Essentials for Building an Effective Nonprofit Board
By C. Forbes Sargent III, Esq.
C. Forbes Sargent
Since board composition profoundly influences the nonprofit it guides, its essential that board members think strategically and bring a diversity of skills, perspectives, and experiences, as doing so will enable the nonprofit to succeed in good times and bad.
Here are five factors to keep in mind to build an effective nonprofit board:
Having at least one or two board members who have served on a nonprofit board is key. They help provide guidance as to how meetings should be run, how other boards deal with issues, and often provide a good balance to a board. Although it is not necessary for board members to have prior experience as business leaders, they should have good business sense and be able to translate the organizations long-range vision into a practical plan.
If the board is comprised of thoughtful, well-meaning supporters who lack the ability to lead and think strategically, the nonprofit will likely not achieve its goals.
Board members need to be enthusiastic about their role and passionate about the nonprofits mission, as that helps to energize fellow board members and others when they serve as ambassadors for the nonprofit. When all board members actively participate in meetings, charitable events, and fundraisers, others are encouraged to do the same, and this can have a significant impact on how the organization is viewed by the public and donors.
In short, board member passion and enthusiasm helps drive successful fundraising and engage the community.
A nonprofit is most effective when it draws from a diverse group in selecting board members. First, the diversity should include making sure the board reflects a broad base of the constituents it serves. A board with diverse racial, ethnic, and economic backgrounds helps give the board different perspectives on issues. Second, the board members should have diverse professional backgrounds, and should include members of the legal and business community, as well as those with financial, accounting, and marketing backgrounds.
Board members should also include supporters and constituents of a cause, so that their views get heard as well. If the board does not have leadership that reflects those served by the organization, then the nonprofit runs the risk that key constituentsvolunteers, donors, partners, and communities may feel disconnected from the cause.
Most boards do not have any training and often end up muddling through meetings. It is important to either have experienced leaders or get training for board members. All board members should also have copies of the nonprofit governing documents, mission statement, strategic plan, and the Attorney Generals Guide for Board Members of Charitable Organizations.
Board members need to know what is expected of them, as well as what they can do as board members. Retreats can also be beneficial for reflecting on the nonprofits goals and adopting a strategic plan. Today, many nonprofits have limited economic resources, and taking the time to focus on mission priorities during a retreat can be time well spent. A clear agenda is needed and an outside facilitator may be worth considering. Retreat agenda items could include: staff and volunteer roles; financial management; policy making; fundraising; strategic planning; and board self-assessment. Ultimately, a well-planned retreat can help build comradery and consensus among board members and help them prioritize short-term initiatives and effectively plan for the future.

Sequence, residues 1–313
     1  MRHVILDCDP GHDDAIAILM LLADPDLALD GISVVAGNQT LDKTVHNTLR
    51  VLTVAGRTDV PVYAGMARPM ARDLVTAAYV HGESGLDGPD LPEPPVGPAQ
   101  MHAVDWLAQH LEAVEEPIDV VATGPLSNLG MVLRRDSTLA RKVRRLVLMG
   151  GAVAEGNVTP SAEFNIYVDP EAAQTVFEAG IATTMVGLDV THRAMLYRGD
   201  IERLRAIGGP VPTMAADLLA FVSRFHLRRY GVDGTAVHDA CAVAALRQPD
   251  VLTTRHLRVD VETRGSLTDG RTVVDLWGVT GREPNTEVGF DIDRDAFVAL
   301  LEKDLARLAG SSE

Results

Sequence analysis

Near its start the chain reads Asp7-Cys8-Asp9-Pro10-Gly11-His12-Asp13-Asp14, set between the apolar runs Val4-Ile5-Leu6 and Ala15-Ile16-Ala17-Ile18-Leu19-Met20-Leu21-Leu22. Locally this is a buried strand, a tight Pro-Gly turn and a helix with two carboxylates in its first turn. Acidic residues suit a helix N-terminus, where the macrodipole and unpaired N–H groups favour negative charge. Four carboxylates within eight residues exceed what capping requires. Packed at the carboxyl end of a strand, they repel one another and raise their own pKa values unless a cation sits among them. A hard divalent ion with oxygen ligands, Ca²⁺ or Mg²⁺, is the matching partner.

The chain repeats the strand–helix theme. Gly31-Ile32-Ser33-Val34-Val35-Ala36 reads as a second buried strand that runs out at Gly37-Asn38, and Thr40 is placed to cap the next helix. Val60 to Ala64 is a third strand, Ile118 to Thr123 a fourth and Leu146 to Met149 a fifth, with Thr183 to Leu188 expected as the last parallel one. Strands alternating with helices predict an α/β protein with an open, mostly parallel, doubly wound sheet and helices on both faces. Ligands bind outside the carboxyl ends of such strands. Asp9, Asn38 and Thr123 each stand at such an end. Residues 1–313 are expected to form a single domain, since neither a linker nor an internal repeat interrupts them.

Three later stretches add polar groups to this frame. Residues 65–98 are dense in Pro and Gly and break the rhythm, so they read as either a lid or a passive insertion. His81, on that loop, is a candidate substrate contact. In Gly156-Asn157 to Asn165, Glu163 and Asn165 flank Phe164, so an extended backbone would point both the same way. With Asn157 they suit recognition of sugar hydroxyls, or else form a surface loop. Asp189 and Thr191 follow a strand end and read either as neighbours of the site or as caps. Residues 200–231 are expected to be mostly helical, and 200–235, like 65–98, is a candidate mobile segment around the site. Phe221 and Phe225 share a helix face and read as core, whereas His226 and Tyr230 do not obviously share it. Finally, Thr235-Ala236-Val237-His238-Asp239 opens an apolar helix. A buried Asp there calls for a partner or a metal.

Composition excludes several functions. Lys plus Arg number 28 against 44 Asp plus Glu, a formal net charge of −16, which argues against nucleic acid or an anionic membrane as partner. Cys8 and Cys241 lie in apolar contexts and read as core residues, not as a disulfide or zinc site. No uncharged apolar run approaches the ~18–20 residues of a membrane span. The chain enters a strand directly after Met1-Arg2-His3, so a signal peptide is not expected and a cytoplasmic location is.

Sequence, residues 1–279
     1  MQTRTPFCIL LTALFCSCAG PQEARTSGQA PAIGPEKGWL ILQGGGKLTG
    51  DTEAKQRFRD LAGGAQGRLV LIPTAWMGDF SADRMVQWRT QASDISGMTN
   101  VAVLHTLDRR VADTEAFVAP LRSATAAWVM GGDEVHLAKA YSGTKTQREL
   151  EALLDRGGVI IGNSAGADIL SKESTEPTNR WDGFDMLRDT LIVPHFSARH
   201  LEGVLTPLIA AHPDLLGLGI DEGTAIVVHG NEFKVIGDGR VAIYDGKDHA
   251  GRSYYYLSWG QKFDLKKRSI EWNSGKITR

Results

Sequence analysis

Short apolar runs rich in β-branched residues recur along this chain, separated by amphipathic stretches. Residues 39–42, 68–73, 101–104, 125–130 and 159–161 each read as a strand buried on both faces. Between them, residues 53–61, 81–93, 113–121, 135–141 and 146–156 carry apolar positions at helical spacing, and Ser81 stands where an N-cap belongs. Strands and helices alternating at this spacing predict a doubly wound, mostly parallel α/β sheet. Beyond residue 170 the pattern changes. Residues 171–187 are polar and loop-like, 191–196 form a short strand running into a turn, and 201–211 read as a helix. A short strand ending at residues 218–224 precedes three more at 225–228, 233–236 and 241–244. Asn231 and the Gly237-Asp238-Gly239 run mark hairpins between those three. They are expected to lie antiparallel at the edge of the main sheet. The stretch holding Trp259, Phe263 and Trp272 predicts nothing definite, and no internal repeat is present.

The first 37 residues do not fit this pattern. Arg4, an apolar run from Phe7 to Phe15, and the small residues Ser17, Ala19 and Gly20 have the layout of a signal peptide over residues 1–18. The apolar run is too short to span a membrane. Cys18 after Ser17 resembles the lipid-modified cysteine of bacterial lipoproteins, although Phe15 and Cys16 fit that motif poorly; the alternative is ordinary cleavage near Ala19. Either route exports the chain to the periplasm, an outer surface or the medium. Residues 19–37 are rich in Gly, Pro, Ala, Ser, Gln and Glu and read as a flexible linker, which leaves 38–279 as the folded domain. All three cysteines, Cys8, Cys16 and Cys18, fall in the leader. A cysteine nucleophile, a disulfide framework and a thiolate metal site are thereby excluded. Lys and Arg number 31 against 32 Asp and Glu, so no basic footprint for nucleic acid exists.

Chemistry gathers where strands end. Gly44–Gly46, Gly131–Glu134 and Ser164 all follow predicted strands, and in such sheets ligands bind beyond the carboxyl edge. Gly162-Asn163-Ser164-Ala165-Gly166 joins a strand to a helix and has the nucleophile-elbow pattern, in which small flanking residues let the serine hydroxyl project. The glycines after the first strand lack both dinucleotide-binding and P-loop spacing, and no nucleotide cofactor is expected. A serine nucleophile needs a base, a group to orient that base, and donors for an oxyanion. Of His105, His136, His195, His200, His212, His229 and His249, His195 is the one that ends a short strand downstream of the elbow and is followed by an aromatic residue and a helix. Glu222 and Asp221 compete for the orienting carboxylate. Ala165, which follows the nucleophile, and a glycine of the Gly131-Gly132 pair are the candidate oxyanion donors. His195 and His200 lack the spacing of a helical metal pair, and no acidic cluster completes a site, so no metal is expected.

Many nonprofits too often forget that to keep volunteers engaged and retain them, they need to recognize them. A study conducted by the American Cancer Societys New England Division revealed that recognition and the occasional small token of appreciation can go a long way to assist in retaining board members. The recognition can be formal or informal. For example, the New England Division holds annual Volunteer Values Awards that formally recognize and honor those area volunteers whose service in the fight against cancer most exemplifies the organizations values. On the informal side, one board provided a hanging basket of flowers to its officers at each annual meeting in June as a thank-you. That gesture meant a lot to the board members for minimal expense.
Equally important is strong nonprofit leadership. Although the executive director is hired by and subordinate to the board, effective EDs provide strategic guidance to board members, and model the enthusiasm and passion that makes for effective board members. In a small nonprofit, especially, it is up to the ED to serve as the face and voice of the organization and motivate board members to work as a team to advance the nonprofits mission.
Nonprofits that follow the five guidelines outlined above not only are better able to attract and retain qualified board members, but also are able to be more effective as a result.
C. Forbes Sargent III, a partner at Sherin and Lodgen LLP in Boston and former director of several nonprofit boards, has served as fundraising chair of the American Cancer Society Massachusetts Division. Email him at firstname.lastname@example.org or call 617-646-2000.